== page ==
Another pretty darn surprising victory is Yunlin, where the KMT candidate is from the local faction Zhang family whose head was just jailed for corruption stuff, but his sister won the race handily, in no small part because of Han’s connection to the area.

    The implicated fall out is significant, if the KMT doesn’t screw up their nomination too badly it seems like Tsai is going to be the first elected ROC Prez to fail to win a second term, as the vote for that is a mere 14 months away. and with the party reeling it seems very unlikely they could re organize quickly enough. But then again, Taiwan’s election can be quite full of surprises

  3. J. Reply

    Shen Fu-Hsiung created a Cartesian coordinate posted on his Facebook which identified (certain demographic) DPP base on a further end of the conservative scale than the KMT conservatives. If Tsai tries to consolidate her base she might deepen her ties with Formosa Alliance and make void some of the reforms, or perhaps be more inclusive and listen earnestly to the people outside the party.

    The DPP conservatives generally are against marriage equality; they’re pro-capital punishment, pro-crimianlisation of adultery, and against working-pay reform implemented by the government (generally considered badly thought-out anyway). These are just some of the things that may overlap with any conservatives. Some conservatives also have ties to Brian Brown of NOM from the US, but his visit to Taiwan and the design of the ballot in the latest referendum weren’t considered a foreign interference by the government.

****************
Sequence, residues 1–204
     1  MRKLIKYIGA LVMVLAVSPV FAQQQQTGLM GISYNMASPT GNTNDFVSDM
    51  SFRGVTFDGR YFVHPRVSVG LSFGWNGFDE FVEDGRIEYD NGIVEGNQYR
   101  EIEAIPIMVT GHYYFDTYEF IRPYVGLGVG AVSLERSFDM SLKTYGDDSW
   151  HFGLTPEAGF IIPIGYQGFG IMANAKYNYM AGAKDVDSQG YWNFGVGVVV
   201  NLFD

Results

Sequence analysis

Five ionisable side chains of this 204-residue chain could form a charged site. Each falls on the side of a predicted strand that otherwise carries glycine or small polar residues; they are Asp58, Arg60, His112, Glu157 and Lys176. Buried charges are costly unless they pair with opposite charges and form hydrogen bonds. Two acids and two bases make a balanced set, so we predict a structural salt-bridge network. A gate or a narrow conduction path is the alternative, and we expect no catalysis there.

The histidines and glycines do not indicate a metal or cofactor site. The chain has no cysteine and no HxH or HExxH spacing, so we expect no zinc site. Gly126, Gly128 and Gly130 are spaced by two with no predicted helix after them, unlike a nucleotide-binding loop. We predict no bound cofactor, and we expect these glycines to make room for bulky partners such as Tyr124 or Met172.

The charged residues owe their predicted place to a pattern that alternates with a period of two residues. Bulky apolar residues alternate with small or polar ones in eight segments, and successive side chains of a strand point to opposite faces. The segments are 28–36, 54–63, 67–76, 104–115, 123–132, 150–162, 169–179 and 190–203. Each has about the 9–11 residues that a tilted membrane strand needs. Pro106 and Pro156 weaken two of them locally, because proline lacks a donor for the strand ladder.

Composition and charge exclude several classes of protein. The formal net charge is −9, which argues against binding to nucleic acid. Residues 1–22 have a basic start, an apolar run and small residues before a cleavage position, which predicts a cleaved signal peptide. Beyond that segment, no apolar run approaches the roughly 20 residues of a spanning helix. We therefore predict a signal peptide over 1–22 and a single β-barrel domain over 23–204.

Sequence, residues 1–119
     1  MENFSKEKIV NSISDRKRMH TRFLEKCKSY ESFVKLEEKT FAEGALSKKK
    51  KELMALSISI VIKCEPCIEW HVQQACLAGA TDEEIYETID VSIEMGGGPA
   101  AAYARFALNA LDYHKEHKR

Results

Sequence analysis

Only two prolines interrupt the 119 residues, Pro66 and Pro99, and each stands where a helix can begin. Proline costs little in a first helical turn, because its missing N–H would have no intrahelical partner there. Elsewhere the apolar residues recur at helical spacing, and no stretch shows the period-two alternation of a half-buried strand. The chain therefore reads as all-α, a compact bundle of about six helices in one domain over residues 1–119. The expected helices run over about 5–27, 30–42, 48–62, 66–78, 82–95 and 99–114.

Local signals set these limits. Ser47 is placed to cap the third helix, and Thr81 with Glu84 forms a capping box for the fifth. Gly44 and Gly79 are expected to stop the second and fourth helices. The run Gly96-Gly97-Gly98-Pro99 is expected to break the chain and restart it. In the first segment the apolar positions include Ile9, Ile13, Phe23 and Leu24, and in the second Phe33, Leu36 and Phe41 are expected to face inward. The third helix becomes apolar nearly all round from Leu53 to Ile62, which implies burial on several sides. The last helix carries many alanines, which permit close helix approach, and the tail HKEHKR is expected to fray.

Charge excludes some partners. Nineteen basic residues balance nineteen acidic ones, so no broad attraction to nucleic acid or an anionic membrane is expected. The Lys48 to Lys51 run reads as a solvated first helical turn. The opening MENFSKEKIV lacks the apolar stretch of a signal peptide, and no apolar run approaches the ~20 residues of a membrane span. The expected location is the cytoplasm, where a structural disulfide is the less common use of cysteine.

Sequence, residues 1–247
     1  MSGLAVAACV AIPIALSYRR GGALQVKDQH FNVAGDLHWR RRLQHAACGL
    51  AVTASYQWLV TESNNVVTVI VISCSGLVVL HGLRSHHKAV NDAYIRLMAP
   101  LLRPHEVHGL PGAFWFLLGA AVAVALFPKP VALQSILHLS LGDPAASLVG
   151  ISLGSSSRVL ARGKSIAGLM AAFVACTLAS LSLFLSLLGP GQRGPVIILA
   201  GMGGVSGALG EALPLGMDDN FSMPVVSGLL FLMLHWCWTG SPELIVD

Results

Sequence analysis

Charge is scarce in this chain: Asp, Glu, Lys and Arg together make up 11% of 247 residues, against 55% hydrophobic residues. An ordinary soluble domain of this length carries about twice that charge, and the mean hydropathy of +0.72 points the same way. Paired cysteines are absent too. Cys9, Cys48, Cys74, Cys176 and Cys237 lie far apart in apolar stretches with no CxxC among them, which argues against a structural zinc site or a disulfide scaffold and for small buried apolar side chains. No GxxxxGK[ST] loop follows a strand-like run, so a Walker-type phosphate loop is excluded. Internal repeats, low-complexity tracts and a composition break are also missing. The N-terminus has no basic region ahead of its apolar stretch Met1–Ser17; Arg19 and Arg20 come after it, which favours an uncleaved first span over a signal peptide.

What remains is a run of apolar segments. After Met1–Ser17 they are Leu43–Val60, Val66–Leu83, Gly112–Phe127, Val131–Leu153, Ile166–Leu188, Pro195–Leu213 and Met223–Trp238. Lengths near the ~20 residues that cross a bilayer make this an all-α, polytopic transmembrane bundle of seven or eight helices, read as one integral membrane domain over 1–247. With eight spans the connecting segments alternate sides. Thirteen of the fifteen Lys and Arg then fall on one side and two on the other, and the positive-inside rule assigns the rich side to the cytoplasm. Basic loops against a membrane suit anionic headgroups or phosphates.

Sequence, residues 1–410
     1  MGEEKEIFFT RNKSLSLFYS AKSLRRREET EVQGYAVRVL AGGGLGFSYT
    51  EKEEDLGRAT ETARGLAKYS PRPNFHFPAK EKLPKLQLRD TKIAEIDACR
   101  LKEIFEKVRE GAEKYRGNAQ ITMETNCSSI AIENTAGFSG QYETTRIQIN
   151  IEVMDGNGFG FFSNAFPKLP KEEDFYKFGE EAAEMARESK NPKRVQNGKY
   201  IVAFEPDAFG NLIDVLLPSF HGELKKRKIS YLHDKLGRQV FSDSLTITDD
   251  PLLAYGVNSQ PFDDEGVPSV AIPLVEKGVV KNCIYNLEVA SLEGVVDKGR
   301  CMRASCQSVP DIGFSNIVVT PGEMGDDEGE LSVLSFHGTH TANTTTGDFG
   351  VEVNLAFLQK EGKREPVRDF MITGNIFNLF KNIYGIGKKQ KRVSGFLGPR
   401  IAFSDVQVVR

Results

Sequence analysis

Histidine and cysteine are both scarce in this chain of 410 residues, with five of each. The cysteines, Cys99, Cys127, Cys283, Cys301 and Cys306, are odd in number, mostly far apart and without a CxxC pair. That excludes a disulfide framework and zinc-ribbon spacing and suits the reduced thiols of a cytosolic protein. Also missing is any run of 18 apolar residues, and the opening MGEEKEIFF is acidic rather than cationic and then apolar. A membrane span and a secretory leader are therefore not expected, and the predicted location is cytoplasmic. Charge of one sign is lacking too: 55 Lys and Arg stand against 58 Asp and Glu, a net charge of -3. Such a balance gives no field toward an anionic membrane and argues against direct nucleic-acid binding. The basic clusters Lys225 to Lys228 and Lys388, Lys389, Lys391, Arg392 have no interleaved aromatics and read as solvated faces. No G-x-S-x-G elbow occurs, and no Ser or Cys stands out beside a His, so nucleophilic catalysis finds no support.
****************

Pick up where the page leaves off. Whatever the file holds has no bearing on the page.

Last year many people thought the government was repeating the numerous mistakes of the KMT, and that they’d dug themselves a large pit only two years in. The unpopularity sprouted from various events and incidents, for example: Smear campaigns (especially against Mayor Ko which resulted in alienating the young and the independents), inserting unqualified people into decision making roles, sub-par crisis management of power and natural disasters, broken promise in judicial reform & various other reforms, astronomical spending on projects, and more.

    If so many ordinary citizens can see that the pit is almost as big as the one in Changping but government officials can’t or just won’t front up, then people will begin to question really hard: What exactly are the kind of people in power that are representing us and our values in a democracy?

    In Taiwan many people today demand institutional reforms and the integrity of government (+ more) and value them equally as important if not more important than the improvement of the living standards and the progression of civil liberties. So the usual report of binary unification/independence rhetoric and economic numbers that may take the workload out of some reporters, fortunately, aren’t the only two things that a large portion of population or swing voters use to evaluate whom to vote. Note that all party members are less than 5% of population.

    About Han: If the DDP hadn’t forced a replacement of Han with Princess Wu, Han would still be in TAPMC. Since Han has built a solid reputation within TAPMC and gained trust with the people he worked with in KCFA, the KCFA decided to support him in the Kaohsiung mayoral election.

    Mayor Ko: The mayor has strong followers from under 40s and the independents outside Taipei. His blunders are often magnified with malicious political intend. If the DPP’s smear campaign doesn’t end it could force him to run early for president in 2020.